Liturgical Colour : White
Dear brothers and sisters in Christ, today as we listened to the words of the Sacred Scriptures, we are called to turn away from our sins and our wickedness, and once again face the Lord with faith. All of us should do what we can to distance ourselves from the sinful things present in our world today, and resist the temptations to commit such sins and other deplorable actions that are unbecoming and unworthy of us being Christians, God’s own beloved people and children. God also willingly extends to us His forgiveness and grace, but it is really up to us to accept His mercy and forgiveness, and commit ourselves to a new life free from evil and sin.
In our first reading today, taken from the Book of the prophet Ezekiel, we heard of the Lord telling Ezekiel to do His will, in proclaiming His message to the exiles of Israel in Babylon, regarding the fate of their homeland, Judah and Jerusalem, which at that time was in the last days of their existence. Ezekiel and the other exiles were among those whom the Babylonians had brought to exile in that region in an earlier attack on Judah, and back then, the other king that the Babylonians installed on the throne of Judah was rebelling against them, and therefore, the Babylonians came to besiege Jerusalem once again.
The Lord revealed all that those in Judah and Jerusalem would experience, all because of their disobedience, wickedness and sins. The people of Judah had depended on themselves and on worldly powers, on pagan idols and gods rather than on the Lord their God. All these despite whatever God had done for them and their ancestors for a very long time, in taking good care of them and their needs, in protecting them and providing for them. The Lord has been very patient in showing His people His love and kindness, but the people often refused to listen to Him, rejected Him and His offer of kindness and mercy, His compassion and patience in loving them.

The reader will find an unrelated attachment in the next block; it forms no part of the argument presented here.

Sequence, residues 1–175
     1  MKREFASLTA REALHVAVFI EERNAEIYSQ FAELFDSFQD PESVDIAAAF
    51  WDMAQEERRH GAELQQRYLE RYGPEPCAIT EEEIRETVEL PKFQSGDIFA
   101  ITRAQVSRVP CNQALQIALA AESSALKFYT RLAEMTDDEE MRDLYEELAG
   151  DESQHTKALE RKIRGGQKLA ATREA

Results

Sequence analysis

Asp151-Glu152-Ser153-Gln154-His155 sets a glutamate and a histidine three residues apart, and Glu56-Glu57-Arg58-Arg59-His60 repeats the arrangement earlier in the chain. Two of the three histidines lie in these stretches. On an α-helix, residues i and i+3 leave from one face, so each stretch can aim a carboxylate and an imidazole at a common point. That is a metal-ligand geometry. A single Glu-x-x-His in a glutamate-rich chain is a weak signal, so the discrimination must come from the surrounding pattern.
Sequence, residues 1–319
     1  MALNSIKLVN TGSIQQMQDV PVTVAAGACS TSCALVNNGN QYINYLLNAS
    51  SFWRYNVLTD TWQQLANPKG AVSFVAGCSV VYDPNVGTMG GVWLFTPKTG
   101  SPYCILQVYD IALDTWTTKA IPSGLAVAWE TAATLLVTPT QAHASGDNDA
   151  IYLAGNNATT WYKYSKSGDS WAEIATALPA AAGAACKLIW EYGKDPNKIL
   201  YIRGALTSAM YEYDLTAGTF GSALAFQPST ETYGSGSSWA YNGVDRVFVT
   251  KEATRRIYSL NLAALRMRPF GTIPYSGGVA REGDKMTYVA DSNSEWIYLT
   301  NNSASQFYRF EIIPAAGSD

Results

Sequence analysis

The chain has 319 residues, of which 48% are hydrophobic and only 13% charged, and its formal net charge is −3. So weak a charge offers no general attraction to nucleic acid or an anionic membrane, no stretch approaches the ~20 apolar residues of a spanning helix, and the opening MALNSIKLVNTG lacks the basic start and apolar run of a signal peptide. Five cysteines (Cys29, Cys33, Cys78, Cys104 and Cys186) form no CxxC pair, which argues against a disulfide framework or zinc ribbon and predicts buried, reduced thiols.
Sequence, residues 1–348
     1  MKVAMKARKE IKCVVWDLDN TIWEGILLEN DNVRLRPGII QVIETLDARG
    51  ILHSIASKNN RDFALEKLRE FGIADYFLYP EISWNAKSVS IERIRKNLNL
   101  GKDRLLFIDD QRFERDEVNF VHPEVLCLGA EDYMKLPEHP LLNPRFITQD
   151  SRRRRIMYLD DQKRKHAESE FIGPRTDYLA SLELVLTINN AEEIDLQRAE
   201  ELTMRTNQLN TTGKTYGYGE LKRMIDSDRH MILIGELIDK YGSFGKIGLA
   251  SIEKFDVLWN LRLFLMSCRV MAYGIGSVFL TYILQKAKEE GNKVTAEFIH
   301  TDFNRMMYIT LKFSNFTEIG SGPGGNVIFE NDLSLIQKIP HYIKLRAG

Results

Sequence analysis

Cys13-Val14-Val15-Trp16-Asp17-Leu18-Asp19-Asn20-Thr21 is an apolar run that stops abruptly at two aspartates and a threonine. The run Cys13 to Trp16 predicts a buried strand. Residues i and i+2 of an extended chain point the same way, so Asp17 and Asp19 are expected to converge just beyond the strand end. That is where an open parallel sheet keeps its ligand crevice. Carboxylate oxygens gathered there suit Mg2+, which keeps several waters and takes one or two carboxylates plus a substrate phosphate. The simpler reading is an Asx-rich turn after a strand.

In our Gospel passage today, we heard about the parable that the Lord spoke to His disciples regarding the servant who was forgiven from his debts and then refusing to forgive another fellow servant the debt that this fellow servant had owned him. The Lord used this parable to highlight first of all, the nature of the Lord’s kindness and mercy, His generosity and love, in His willingness to forgive us all our sins and wickedness, in His desire to reach out to us and to find the way for us to return to Him. The Lord used this parable to also highlight to us the need for us to forgive one another our sins and mistakes to each other, just as God Himself has forgiven us ours.
Related to what we have heard in our first reading today, the Lord has forgiven His people time and time again, as He continued to reach out to them ceaselessly, sending out messengers, servants and prophets to help guide His people on their way back towards Him. He patiently waited on them, hoping that they would repent from their many sins and wickedness, and He called on all of them to turn back towards Him with faith. Although their sins were many and uncountable, but when the people willingly and genuinely wanted to be reconciled with Him, their prayers and petitions would be heard, just as in the parable the master forgave the massive debt of the ungrateful servant.